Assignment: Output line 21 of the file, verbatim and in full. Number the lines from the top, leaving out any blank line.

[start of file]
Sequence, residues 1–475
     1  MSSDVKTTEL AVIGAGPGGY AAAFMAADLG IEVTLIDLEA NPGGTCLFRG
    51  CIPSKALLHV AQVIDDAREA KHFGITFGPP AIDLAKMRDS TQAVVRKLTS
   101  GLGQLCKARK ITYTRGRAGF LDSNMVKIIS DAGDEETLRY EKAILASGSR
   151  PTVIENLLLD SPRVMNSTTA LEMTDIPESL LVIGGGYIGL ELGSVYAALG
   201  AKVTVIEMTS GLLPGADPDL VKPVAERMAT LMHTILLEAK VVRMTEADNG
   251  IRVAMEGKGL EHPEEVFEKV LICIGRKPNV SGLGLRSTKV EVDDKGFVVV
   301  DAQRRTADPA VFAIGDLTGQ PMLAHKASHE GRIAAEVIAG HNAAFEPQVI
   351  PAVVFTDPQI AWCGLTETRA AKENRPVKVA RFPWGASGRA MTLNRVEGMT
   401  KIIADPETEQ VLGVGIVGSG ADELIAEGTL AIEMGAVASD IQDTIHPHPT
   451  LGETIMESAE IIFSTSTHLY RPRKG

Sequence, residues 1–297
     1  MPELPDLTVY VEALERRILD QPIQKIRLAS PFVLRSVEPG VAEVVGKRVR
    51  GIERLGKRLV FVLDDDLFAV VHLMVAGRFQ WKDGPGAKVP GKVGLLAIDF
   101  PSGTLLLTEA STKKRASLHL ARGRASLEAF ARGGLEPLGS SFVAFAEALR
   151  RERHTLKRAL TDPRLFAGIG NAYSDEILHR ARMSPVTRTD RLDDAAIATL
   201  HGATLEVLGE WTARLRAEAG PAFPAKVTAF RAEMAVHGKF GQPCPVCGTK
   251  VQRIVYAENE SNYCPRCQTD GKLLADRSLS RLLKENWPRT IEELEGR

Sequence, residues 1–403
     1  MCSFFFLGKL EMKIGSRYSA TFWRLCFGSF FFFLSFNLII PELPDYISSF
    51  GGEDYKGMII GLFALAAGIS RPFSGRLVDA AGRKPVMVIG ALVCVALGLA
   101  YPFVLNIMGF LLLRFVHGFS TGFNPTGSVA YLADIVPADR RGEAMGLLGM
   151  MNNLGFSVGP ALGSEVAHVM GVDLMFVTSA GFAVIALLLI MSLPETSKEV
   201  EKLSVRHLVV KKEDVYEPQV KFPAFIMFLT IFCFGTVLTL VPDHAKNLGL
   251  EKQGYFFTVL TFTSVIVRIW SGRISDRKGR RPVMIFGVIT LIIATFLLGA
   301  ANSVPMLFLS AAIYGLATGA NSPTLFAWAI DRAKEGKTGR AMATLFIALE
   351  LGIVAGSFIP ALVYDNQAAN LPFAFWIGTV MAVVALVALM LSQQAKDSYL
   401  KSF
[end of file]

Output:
    51  GGEDYKGMII GLFALAAGIS RPFSGRLVDA AGRKPVMVIG ALVCVALGLA